In this case, the respective interests in the PLLC held by Mr. Castigliola, Mr. Banahan, and Mr. Mullen made each a member of the PLLC, which was member- managed. Therefore management power over the business of the PLLC was vested in each of them through the interest each held. See id. sec. 79-29-302 (effective after July 1, 1994). The PLLC had no written operating agreement, nor is there any evidence to show that any member’s management power was limited in any way. Furthermore, all members participated in control of the PLLC: For example, they all participated in collectively making decisions regarding their distributive shares, borrowing money, hiring, firing, and rate of pay for employees. They each supervised associate attorneys and signed checks for the PLLC. On the basis of the foregoing facts, the respective interests held by Mr. Castigliola, Mr. Banahan, and Mr. Mullen could not have been limited partnership interests under any of the limited partnership acts. Therefore, they were not limited partners under section 1402(a)(13).
As well, the Court concluded that a limited partnership demands at least one general partner—but in this case all the attorneys had the same responsibilities and rights.
The Court noted:
Because there must be at least one partner who is in control of the business, there must be at least one general partner. The members testified that all members participated equally in all decisions and had substantially identical relationships with the PLLC. There was no PLLC operating agreement or other evidence to suggest otherwise. But since by necessity at least one of the members must have occupied a role analogous to that of a general partner in a limited partnership, and because all of the members had the same rights and responsibilities, they must all have had positions analogous to those of general partners in a limited partnership.
The Court also cited the history of the firm—prior to becoming a PLLC, they had operated as a general partnership and the Court noted that they had not changed the way they managed the business when they formed the PLLC.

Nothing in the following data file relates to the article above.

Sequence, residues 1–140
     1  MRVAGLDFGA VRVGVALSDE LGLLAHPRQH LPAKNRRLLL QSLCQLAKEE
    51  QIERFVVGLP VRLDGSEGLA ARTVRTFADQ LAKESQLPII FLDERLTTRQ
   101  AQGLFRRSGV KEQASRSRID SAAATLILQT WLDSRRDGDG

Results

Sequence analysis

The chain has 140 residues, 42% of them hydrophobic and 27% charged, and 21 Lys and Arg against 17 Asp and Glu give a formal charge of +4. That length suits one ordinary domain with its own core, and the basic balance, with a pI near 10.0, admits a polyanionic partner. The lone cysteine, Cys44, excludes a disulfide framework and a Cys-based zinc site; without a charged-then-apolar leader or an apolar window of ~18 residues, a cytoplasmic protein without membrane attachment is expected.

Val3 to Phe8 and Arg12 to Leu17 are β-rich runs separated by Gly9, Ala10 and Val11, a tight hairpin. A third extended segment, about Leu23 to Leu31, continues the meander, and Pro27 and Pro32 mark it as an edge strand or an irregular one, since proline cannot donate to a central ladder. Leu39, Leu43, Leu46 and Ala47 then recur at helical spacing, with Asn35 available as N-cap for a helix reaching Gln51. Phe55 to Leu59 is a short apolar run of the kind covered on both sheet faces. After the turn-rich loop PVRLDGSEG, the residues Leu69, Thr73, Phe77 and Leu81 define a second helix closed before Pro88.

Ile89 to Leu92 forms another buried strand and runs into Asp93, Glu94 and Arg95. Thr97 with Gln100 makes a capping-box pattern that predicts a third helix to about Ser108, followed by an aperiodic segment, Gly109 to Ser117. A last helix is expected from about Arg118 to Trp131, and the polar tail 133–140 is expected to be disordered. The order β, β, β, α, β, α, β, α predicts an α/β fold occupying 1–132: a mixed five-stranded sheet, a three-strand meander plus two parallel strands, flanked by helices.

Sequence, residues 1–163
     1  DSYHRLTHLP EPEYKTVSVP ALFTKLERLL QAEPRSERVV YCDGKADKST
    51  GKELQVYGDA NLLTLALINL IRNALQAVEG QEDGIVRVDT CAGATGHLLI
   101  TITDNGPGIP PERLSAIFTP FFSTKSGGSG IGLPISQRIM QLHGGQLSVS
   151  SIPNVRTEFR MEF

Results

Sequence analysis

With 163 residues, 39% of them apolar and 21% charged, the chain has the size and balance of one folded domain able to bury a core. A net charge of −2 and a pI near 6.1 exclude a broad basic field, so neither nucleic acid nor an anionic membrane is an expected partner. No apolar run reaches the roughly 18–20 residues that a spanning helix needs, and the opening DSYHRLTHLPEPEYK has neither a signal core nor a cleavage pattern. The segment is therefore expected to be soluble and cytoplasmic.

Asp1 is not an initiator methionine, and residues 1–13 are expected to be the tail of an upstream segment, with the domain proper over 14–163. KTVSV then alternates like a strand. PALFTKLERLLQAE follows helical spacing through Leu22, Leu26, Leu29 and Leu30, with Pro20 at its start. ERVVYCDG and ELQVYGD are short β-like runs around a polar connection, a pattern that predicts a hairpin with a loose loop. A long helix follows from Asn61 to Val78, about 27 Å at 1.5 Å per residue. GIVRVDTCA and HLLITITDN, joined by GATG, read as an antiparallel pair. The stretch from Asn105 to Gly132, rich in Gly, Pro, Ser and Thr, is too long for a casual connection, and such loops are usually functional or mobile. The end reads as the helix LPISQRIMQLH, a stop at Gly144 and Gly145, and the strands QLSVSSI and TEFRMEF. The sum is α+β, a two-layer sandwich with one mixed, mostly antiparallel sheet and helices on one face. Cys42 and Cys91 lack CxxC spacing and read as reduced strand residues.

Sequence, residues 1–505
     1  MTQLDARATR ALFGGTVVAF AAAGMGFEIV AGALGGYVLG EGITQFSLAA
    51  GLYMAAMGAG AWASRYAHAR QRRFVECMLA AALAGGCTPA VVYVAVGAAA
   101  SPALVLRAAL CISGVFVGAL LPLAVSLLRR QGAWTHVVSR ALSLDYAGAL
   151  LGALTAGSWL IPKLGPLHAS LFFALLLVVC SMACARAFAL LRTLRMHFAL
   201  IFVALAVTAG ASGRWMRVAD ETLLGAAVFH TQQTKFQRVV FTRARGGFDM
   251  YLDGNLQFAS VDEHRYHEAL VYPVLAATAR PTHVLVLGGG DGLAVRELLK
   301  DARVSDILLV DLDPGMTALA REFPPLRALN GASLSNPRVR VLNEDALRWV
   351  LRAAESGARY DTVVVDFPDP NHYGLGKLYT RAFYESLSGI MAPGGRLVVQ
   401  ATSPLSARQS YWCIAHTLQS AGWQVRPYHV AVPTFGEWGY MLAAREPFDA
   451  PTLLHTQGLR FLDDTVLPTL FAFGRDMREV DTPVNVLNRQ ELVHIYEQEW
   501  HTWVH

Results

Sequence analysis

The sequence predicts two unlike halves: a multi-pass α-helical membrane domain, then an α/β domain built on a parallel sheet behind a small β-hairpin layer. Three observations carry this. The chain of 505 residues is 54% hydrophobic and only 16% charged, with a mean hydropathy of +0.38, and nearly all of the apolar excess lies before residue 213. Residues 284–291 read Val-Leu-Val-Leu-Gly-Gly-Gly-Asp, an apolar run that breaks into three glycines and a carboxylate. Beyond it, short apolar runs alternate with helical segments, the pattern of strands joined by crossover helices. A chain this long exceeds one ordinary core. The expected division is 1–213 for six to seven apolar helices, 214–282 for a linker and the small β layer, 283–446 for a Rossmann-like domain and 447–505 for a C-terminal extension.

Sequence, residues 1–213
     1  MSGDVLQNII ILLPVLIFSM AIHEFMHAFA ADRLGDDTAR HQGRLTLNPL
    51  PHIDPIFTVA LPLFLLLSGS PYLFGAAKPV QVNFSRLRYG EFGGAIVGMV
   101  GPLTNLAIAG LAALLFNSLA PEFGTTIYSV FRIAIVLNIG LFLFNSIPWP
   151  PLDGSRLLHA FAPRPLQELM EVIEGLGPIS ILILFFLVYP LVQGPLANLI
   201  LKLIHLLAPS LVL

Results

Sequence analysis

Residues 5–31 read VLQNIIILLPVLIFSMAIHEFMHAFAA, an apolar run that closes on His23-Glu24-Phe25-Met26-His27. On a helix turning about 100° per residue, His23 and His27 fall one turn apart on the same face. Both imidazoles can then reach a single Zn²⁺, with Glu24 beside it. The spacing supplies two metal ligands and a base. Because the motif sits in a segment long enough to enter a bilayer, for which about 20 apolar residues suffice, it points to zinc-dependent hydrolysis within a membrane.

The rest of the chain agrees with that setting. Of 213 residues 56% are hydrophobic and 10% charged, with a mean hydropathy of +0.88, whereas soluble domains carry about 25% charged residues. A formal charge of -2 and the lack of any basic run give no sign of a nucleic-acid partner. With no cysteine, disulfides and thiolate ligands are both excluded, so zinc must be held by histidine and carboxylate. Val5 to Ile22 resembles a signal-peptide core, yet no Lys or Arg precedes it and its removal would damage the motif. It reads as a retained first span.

So, what does this case mean? Certainly, by the logic of the case it appears that while it might not be impossible for a member-manager to be treated as a limited partner for some of his/her income, it certainly will be easier for someone who is not a manager. In fact, given the Court’s specific focus on the two-pronged definition it seems that, in fact, a “mere member” may have a very strong argument that he/she must be treated as a limited partner. This view of limited management activity is consistent with Court’s ruling in the Hardy v. Commissioner case (TC Memo 2017-16).
The Court applied a “could this person have been a state law limited partner” test to the situation. Thus, it would be useful to consult with legal counsel regarding how provisions could be drafted to meet that test under the applicable state statute—what powers have been deemed under the state’s law as “permissible” for a limited partner to have without losing his/her limited partner status.
Finally, it’s important to note the Court spent no time dealing with the fact that the guaranteed payments were truly a reasonable amount of compensation for the services provided by the member. While it’s possible that this could be an issue with somewhat different facts, the Court in this case admitted that the position taken was not an abusive position, refusing to impose penalties for these pre-Renkemeyer years. So one key takeaway is that a member needs more than just a “reasonable compensation guaranteed payment” argument to sustain the position some income is not subject to self-employment tax under this case’s reasoning.